Edwardsville council tables effort to install northern sewer line
Council asks for more information on alternate line, available grants
A proposal for installation of infrastructure seen as necessary for development in northern Edwardsville was put on hold Monday.
Edwardsville City Council members voted to table authorization of funding for a sewer line that would serve 165 acres north of Riverview from just west of 110th Street to just west of Interstate 435. Members voting to table said they thought it might be better to put the city’s funding into a sewer line to the south and wanted to see what federal funds might be available to assist the city.
Council members Craig Crider and Chuck Stites also said the proposed plan did not provide sewer lines for enough property owners. The proposed plan would run a sewer line under Interstate 70 to connect with the Unified Government’s Little Turkey Creek Interceptor at the northwest corner of I-70 and I-435. They said they had doubts that the proposed plan wouldn’t run into rock, increasing the cost.
City staff presented a history of the city’s efforts to put sewer lines in the northern portion of the city at the council’s Oct. 26 meeting. The city first hired an engineering firm to identify sanitary sewer basins in 2008. In 2011, the city asked another firm, BHC Rhodes, to update the study, calculate potential flows and prepare preliminary designs.
Findings submitted in 2012 and then updated in 2014 showed that creating a sewer line flowing south from 1,000 feet north of Kansas Highway 32 in the Betts Creek basin would serve most of the northern area but would cost at least $6,637,000.
An alternate option was to create a connection to the UG’s Little Turkey Creek Interceptor, or LTC, for a total cost of $2,312,000.
Minutes of the Oct. 26 meting show that council members Chuck Adams and Jason Gillam were the only ones to speak and expressed support for the lesser costs of the LTC. Mayor John McTaggart directed staff to move forward with that, and the council Monday was to consider authorizing funding for the project and a contract with BHC Rhodes for a final design.
But on Monday, Stites made a motion tabling the item until city staff better determined the total costs for a Betts Creek line and determined if federal or state grants might be available to help fund it.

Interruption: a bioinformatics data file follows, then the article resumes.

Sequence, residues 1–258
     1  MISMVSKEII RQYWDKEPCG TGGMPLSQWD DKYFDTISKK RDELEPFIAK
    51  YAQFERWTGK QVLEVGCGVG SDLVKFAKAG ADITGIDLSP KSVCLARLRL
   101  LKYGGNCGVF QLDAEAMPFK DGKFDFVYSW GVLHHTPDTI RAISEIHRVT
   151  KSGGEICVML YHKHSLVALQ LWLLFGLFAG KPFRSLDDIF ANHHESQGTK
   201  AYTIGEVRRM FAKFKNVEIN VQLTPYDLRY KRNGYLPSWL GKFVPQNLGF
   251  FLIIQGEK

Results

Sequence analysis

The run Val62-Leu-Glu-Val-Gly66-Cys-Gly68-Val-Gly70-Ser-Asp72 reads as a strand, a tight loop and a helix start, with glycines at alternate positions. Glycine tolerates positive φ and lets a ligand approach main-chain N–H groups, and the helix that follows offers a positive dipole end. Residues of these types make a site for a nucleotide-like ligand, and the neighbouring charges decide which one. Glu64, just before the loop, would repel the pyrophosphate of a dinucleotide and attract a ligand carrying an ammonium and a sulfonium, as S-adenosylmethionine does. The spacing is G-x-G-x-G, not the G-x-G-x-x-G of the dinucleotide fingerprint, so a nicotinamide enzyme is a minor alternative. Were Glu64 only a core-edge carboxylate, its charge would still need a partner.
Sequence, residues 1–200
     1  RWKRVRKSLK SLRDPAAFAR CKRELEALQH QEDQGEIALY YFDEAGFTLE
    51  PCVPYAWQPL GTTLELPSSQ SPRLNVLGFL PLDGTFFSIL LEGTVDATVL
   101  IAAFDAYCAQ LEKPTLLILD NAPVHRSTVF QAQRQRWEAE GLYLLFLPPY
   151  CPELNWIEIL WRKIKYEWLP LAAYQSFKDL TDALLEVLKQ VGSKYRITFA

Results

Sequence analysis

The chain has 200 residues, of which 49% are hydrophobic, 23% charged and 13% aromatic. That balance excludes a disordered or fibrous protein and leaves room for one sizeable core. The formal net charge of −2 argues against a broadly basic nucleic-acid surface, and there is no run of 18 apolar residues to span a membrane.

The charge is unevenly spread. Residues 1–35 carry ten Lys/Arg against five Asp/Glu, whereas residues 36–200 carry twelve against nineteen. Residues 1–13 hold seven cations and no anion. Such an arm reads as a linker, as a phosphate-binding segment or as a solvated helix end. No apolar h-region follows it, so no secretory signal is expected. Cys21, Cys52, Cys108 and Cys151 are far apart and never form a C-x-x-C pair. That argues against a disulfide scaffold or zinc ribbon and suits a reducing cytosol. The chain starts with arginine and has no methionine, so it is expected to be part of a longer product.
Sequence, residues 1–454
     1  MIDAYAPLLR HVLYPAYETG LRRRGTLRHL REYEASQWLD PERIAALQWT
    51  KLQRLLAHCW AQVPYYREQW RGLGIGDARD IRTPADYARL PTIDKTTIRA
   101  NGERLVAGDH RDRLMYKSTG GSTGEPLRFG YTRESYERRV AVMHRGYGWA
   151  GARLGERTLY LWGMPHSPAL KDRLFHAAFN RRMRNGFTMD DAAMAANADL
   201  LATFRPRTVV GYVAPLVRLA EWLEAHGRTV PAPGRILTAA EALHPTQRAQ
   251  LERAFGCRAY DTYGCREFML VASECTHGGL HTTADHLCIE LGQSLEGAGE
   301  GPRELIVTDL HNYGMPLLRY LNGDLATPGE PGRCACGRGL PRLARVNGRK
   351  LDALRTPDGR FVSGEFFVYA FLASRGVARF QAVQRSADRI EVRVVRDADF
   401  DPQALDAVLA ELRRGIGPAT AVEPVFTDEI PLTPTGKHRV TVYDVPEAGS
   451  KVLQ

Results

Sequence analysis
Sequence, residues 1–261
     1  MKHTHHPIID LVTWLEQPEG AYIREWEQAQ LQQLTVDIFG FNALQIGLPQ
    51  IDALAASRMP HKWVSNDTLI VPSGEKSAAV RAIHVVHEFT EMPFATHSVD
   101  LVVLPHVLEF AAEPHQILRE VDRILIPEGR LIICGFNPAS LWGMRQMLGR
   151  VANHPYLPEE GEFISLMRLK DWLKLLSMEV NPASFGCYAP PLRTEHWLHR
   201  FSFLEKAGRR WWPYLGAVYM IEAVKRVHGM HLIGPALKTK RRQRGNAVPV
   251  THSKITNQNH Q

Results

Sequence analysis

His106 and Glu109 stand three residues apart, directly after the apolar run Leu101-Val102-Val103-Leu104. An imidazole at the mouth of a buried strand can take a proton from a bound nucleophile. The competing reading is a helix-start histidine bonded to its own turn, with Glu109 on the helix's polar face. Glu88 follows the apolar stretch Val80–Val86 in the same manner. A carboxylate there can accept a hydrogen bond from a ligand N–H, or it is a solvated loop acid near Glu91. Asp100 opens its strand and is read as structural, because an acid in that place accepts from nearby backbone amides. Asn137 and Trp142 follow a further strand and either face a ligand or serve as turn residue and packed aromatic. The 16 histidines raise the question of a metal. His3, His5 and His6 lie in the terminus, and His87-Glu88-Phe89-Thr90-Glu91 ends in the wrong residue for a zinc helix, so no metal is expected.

“I’m trying to make sure that we spend our dollars going in the right direction, and it seems to me that Betts Creek is the right direction,” Stites said. “I want to know that we have done all that we can before we abandon that system for going up north.”
Though McTaggart warned that the move would be a bad signal to a potential developer considering the northern property for a project, Crider and Margaret Shriver voted in support of Stites’ motion.
Crider said he thought the city should be investing in a line that served the most property owners, and he noted that the LTC would not serve properties on Kansas Avenue and 102nd Street, which are the next streets set for major improvements.
Both Crider and Stites said they had done research that led them to believe the city would hit rock running a sewer line under I-70, increasing its costs, though Michael Webb, city manager, said multiple borings were done in the area to check for rock.
Adams and Gillam both stated they were upset with the motion.
“This is pretty disappointing in that the north end is once again on hold,” Adams said.
Gillam said he didn’t think it was feasible at this time for the city to build a Betts Creek line.
“(The LTC) is more of a what can we afford as a citizenry to get (northern development) started,” Gillam said, adding that he was skeptical that there would be a “magic funding source” that could fund the Betts Creek line.
In other business, the council approved a rezoning in an issue that was tabled at its first October meeting, but not for the two property owners who protested the rezoning.
The planning commission recommended rezoning from light industrial to commercial for five properties along K-32/Kaw Drive to align with the city’s future land-use plan. However, Ray and Chris Bush and Vicki Bush protested the rezoning for property currently used for Bush Farm, and the council approved allowing their properties to maintain light industrial zoning.